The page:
This saber-rattling wouldn’t have anything to do with McCaul’s potential primary challenge to Ted Cruz in Texas, would it? There aren’t a lot of obvious ways to out-populist Cruz, but leading the “Impeach Hillary!” parade in the House would be one.
If I understand him correctly, he’s not implying that the House might impeach Hillary based on what’s currently known about Emailgate. What he’s saying is contingent upon the FBI finding some evidence of intentional mishandling of classified information in the new emails (which is unlikely). If Comey decides to recommend charges against her after all, then the House would act. Given that Paul Ryan’s Republican majority is likely to be depleted next week, though, the caucus would need virtually lockstep support among its members to pass articles of impeachment. Political pressure from the GOP base would be tremendous, but Ryan and the leadership would be nervous about the political consequences given what happened the last time a Clinton was impeached. There might be enough centrists in the caucus who want to wait and see what the DOJ and a grand jury choose to do before supporting Hillary’s impeachment. And the timing is what it is: Some voters would be more willing to cut Hillary a break on removal as a newbie president, since she hadn’t had a chance to govern yet. That shouldn’t affect the calculation of whether a president’s committed high crimes or misdemeanors, but it would.
It’d be a dilemma for Chuck Schumer’s Democratic Senate majority too. Another reason for the House to move slowly on impeachment is that Hillary isn’t going anywhere unless the 51 or so Democrats that’ll be in the Senate next year vote to convict her. (If it’s 50/50, which is probably the worst-case scenario for Dems right now, Tim Kaine would be the tiebreaker.) They wouldn’t even consider it, I’m sure, unless a grand jury returned an indictment first. But … what if President Hillary was indicted? At that point Democrats (not to mention the country) would face a crisis: If Clinton refused to resign but resolved to fight the charges, as is her wont when she’s accused of something, how long would Schumer stand by her as that spectacle played out? Is there any scenario, short of her being convicted at trial, in which Senate Dems would vote to remove the first woman president? Bear in mind that Democratic voters would support her overwhelmingly, having long ago convinced themselves that objections to Clinton’s email practices must necessarily be just another sexist, hyperpartisan witch hunt by Clinton-crazed Republicans. Senate Dems might find themselves in a position usually reserved for the GOP, in which their base strongly favors a confrontational position on an issue that plays poorly with the vast majority of the rest of the country. Schumer’s already staring at a very rough map in the 2018 midterms. If Clinton is an anchor on the party, he’d have some incentive to pressure her to step down.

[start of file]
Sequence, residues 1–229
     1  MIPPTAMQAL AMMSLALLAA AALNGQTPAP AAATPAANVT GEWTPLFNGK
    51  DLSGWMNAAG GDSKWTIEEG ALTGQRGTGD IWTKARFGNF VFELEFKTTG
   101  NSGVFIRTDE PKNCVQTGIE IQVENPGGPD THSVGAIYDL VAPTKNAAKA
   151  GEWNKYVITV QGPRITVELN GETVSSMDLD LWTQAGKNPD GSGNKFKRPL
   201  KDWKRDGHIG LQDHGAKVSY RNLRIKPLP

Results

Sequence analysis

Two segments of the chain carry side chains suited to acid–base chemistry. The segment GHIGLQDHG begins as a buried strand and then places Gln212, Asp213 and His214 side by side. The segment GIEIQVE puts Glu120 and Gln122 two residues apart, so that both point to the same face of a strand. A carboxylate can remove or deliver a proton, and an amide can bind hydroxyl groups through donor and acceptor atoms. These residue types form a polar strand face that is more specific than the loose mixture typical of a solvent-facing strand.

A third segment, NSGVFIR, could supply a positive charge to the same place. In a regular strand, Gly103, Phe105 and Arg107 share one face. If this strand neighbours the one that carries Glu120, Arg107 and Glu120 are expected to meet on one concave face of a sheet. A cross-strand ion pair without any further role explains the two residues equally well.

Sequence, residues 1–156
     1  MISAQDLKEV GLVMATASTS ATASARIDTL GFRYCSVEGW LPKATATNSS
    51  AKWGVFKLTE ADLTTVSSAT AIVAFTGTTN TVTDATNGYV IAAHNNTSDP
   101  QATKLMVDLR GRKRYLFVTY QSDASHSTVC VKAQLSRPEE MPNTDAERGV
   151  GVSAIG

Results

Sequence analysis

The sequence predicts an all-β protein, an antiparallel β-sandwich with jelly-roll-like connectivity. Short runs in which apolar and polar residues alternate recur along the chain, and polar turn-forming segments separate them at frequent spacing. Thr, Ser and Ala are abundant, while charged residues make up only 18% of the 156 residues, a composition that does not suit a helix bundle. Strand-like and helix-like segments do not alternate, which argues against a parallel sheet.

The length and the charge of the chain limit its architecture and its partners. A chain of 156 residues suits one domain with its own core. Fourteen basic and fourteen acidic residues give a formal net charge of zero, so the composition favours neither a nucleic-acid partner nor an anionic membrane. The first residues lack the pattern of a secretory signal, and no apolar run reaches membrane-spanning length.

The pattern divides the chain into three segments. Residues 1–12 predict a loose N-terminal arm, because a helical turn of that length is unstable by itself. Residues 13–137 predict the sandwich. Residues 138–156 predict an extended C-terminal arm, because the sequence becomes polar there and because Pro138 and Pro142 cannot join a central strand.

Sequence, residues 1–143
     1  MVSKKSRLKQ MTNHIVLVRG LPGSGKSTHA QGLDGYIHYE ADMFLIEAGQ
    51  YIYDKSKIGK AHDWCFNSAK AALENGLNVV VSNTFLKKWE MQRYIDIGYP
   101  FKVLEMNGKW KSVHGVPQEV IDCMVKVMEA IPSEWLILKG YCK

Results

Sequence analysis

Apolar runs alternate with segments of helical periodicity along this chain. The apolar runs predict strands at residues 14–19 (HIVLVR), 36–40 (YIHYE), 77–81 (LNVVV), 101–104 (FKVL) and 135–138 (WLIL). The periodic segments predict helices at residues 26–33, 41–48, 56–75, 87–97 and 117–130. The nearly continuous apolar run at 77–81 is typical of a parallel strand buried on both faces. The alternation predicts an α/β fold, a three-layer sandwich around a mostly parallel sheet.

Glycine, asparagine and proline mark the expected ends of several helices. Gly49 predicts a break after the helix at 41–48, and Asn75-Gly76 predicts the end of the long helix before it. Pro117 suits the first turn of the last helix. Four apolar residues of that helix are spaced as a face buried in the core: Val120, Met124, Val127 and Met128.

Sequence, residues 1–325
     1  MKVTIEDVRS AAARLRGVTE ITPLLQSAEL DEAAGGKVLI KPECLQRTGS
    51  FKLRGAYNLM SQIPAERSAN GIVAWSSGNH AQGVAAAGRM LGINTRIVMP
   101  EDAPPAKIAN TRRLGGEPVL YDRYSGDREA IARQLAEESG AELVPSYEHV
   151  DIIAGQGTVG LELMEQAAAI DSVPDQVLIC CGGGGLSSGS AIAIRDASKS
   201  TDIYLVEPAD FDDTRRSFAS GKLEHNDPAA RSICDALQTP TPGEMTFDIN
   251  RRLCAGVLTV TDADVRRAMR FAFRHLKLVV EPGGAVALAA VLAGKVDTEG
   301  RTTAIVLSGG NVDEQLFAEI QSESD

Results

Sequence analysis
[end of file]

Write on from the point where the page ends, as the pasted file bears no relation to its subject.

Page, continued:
Yesterday I noted in this post that the odds of Obama pardoning Clinton are higher if Trump wins the election than if she wins. If Clinton wins and Obama issues a pardon, it’ll be read as him conceding that something felonious might have happened after all, which is a … bad talking point for an incoming president. If Trump wins, though, Obama could issue the pardon and say that he’s confident nothing criminal happened but worries that Trump’s “lock her up!” fan base might demand a political show trial anyway. Thinking about it further, though, I can sort of imagine Obama issuing a pardon after a Clinton victory if the GOP suddenly catches impeachment fever and spends the next few months talking up the prospect in the media. In that case Obama could adapt the logic of pardoning her before President Trump takes office: Because these darned House Republicans seem intent on a show trial of our new president, he might say, I’m pardoning her out of an abundance of caution, to prevent them from taking this any further and tearing the country apart over it. I don’t think O would gamble his own legacy on doing that unless he had reason to believe there were no new bombshells coming from the FBI — and there may be — but who knows anymore. Six months ago, I’m sure James Comey never thought he’d gamble his own legacy on inventing reasons not to prosecute the Democratic nominee for mishandling classified info. The urgent need to keep Hillary Clinton out of jail can make a public servant do strange things.
If all else fails, I suppose President Hillary could always pardon herself. Don’t put it past her.